50 years ago, Joni Mitchell introduced many of us to the sounds of the dulcimer
The stringed instrument is used on 4 tracks on her 1971 album, Blue
A few years ago, as pop superstar and former One Direction member Harry Styles was in the midst of recording his sophomore album, Fine Line, he went to Culver City on a mission. "I am a Joni Mitchell fan," Styles told the person he was seeking out in California over the phone, "and I researched and found you — do you have any dulcimers for sale?"
That person Styles tracked down was Joellen Lapidus, the woman who sold Mitchell her first dulcimer — a long, stringed instrument that was once used by Tibetan monks as well as musicians entertaining Persian royalty. In modern history, it is maybe most commonly associated with Mitchell and her fourth album, Blue. It's the album Styles became obsessed with while writing his 2019 record, and if you listen closely, the dulcimer is featured on the Fine Line cut "Canyon Moon," which he described to Rolling Stone as "Crosby, Stills and Nash on steroids." (Some of the songs off Blue are famously inspired by Mitchell's relationship with Graham Nash.)
Styles is not the only artist to have gone on this Mitchell pilgrimage, both literally and metaphorically. Fifty years after its release, Blue remains one of the most influential albums in music history, and it continues to find its way to the ears of young musicians, including Carly Rae Jepsen, Taylor Swift and Brandi Carlile, who have all name-checked the Canadian icon and her seminal work as inspirations. It is perhaps one of the most definitive breakup albums of our time, a masterclass in vulnerability and honesty all wrapped up in a pop album that laid Mitchell's feelings bare. As she once described it:
"I felt like a cellophane wrapper on a pack of cigarettes. I felt like I had absolutely no secrets from the world, and I wouldn't pretend in my life to be strong. Or to be happy. But the advantage of it in the music was that there were no defences there either."
Blue is also the album that served as many people's introduction to the dulcimer, one of Mitchell's not-so-secret weapons on the album. It is the first sound you hear on opener "All I Want," and it reappears throughout on "Carey," "California" and "A Case of You." A beautiful, saccharine sound, the dulcimer can often emulate something like a guitar or banjo, and falls into the zither class of stringed instruments. Lapidus, a fan of Mitchell's, set off for the 1969 Big Sur Folk Festival to try and sell the Canadian songwriter one of her dulcimers, and succeeded, selling her one of her custom models for $200.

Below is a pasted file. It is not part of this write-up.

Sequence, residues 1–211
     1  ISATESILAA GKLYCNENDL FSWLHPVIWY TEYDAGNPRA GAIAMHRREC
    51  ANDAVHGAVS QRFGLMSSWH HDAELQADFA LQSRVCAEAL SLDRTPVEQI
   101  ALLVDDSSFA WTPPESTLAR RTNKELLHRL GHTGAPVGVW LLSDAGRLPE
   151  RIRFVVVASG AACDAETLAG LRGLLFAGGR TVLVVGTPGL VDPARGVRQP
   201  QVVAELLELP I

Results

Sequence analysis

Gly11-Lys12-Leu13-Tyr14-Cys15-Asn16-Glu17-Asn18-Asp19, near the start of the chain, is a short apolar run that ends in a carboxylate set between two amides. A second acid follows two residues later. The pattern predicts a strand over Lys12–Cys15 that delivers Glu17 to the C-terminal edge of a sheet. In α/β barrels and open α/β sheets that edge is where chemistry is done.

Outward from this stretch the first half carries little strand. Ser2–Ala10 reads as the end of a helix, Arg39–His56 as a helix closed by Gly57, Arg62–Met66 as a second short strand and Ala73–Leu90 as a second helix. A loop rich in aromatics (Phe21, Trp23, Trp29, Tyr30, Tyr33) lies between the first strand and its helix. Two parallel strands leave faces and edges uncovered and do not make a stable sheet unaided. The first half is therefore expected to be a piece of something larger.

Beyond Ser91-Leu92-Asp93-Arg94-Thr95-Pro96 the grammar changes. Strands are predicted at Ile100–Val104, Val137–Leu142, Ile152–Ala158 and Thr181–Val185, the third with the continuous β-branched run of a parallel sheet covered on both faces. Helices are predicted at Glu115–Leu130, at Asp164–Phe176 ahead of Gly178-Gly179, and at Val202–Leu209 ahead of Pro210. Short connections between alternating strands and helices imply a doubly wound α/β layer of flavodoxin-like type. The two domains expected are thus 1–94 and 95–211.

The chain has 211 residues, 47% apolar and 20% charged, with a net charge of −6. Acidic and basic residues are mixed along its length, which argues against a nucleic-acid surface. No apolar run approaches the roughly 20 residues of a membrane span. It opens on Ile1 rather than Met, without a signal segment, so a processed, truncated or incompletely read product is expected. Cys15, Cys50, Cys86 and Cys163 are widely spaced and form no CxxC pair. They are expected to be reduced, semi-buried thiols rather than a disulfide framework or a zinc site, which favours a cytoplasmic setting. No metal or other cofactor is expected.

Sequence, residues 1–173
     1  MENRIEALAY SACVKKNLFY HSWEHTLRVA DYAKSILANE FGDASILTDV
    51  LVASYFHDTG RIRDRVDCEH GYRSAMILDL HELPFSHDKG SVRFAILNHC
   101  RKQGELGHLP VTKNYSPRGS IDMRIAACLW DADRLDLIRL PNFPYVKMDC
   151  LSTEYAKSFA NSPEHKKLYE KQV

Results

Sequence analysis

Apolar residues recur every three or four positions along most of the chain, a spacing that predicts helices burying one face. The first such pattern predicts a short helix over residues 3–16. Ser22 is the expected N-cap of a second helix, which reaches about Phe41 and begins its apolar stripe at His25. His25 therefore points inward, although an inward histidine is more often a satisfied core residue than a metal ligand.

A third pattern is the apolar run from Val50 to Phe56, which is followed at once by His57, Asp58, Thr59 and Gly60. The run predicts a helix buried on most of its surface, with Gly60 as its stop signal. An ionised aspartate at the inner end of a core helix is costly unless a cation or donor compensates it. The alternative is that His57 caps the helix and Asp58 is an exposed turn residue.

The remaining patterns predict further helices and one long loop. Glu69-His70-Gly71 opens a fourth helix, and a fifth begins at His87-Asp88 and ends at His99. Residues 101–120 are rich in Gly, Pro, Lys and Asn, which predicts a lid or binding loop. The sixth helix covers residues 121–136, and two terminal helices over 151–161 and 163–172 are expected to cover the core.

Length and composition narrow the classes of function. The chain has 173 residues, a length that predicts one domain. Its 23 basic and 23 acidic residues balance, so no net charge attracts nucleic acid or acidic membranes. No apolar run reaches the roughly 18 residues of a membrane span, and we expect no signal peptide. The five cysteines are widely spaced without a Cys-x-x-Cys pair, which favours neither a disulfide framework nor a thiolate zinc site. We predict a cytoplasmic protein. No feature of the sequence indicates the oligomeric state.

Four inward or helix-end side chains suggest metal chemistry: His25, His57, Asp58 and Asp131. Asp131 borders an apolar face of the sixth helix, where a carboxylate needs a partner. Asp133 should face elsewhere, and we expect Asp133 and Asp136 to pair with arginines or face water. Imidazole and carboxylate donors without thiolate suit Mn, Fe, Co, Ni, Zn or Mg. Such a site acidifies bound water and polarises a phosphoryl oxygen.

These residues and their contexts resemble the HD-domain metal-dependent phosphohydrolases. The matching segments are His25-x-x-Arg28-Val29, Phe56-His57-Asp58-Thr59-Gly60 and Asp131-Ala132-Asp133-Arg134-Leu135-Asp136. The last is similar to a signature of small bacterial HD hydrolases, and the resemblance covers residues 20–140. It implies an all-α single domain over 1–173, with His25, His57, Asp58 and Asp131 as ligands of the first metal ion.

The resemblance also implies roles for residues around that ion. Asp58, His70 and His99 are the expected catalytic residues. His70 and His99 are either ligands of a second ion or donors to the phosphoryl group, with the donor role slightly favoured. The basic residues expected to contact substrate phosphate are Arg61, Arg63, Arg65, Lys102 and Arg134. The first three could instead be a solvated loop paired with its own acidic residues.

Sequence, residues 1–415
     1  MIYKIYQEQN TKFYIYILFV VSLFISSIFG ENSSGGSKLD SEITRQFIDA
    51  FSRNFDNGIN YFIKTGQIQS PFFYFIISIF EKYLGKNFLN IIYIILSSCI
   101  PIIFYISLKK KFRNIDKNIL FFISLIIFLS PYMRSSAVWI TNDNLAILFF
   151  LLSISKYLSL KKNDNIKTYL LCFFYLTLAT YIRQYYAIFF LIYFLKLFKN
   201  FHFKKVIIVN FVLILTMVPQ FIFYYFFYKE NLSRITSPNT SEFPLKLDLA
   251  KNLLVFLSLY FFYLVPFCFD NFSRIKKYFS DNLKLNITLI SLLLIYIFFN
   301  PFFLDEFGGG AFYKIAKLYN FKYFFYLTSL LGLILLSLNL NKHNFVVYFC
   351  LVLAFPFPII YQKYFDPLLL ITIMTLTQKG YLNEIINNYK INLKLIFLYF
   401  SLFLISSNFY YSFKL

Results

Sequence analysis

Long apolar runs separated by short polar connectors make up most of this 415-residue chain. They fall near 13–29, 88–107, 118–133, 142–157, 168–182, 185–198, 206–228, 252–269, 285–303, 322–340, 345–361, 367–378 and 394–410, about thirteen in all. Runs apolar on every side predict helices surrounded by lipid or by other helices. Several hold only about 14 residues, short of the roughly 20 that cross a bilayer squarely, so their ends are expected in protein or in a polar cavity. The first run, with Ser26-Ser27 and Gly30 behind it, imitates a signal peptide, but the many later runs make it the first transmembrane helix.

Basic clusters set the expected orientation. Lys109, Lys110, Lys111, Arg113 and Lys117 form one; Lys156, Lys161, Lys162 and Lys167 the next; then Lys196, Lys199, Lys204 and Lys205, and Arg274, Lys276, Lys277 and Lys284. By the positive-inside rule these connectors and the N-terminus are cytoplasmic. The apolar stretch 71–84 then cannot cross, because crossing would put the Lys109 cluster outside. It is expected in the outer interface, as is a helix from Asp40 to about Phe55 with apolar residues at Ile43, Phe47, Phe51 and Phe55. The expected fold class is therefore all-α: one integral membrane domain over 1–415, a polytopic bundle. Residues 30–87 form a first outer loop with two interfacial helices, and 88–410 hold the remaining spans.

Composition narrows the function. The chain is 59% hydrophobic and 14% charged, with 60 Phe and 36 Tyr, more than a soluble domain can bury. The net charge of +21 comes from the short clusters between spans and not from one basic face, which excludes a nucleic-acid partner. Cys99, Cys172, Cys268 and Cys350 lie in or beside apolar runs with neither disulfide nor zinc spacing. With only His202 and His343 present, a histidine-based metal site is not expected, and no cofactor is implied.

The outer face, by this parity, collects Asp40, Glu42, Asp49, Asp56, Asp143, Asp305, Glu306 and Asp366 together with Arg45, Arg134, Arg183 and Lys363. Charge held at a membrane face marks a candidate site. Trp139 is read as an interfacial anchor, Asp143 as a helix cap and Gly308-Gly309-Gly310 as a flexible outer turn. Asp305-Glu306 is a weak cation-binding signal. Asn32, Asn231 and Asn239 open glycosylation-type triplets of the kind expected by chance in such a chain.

One of the lines Lapidus used to sell Mitchell the instrument was telling her, "You know, this is something that you could really get into because it's all opening tuning." Mitchell's experiments with tuning — using upwards of 50 different tunings — throughout her career was something that many admired, as Buffy Sainte-Marie told CBC Music: "[Joni] wasn't afraid to use alternate tunings. I was pretty lonesome until Joni came along." With a dulcimer, Mitchell was able to continue exploring, often drawing from her experiences playing the guitar in altered tunings. (When Lapidus sold Mitchell that dulcimer, Lapidus taught Mitchell some strumming techniques, which were derived from her skills as a folk guitarist.)
The dulcimer is said to have originated from German immigrants who brought their instrument, the German scheitholt, with them to the U.S. From there, the scheitholt was placed on a larger sound box and its nine strings narrowed down to just three to five. Over the years, makers have tried different shapes, sound-hole patterns and strings, with regional models coming out of Kentucky, West Virginia and the Appalachian Mountains. The instrument's name comes from a Greek word meaning "sweet song."
It's quite fitting then that Mitchell left California and wrote most of Blue in Europe, including Greece, where she met the inspiration behind "Carey," a local cook named Cary Raditz. All Mitchell had with her was a flute and her dulcimer because they were light and compact, and Mitchell later sent Lapidus a postcard from Crete, telling her how much she loved her dulcimer.
On Blue, the dulcimer almost counteracts the album's sadness. Its feathery strums are woven into guitar riffs, its understated presence in the background never overtaking Mitchell's soaring voice and poignant songwriting. But it structurally keeps the tracks on Blue elevated, like fluttering wings lifting Mitchell's spirits even in dark moments. While Mitchell's words do the heavy lifting, the dulcimer adds a note of hope, a sliver of sunlight peeking through the clouds. That love Mitchell has for the instrument, that she wrote to Lapidus about, is evident in every second of those four songs.
Mitchell is, of course, not the first or last artist to popularize or use this instrument. Jean Ritchie inspired the works of Mitchell as well as Bob Dylan and Shirley Collins; in 1966, Brian Jones played the dulcimer on the Rolling Stones' album Aftermath; and Jeff Buckley played the dulcimer on "Dream Brother," the closing number on his 1994 album, Grace. But no one truly embodied the history and the potential of the dulcimer quite like Mitchell, and while that isn't the biggest or most important takeaway from Blue, it's perhaps one of the biggest reasons why dulcimers are still sought out today — sometimes by ordinary Mitchell fans, sometimes by world-renowned pop stars.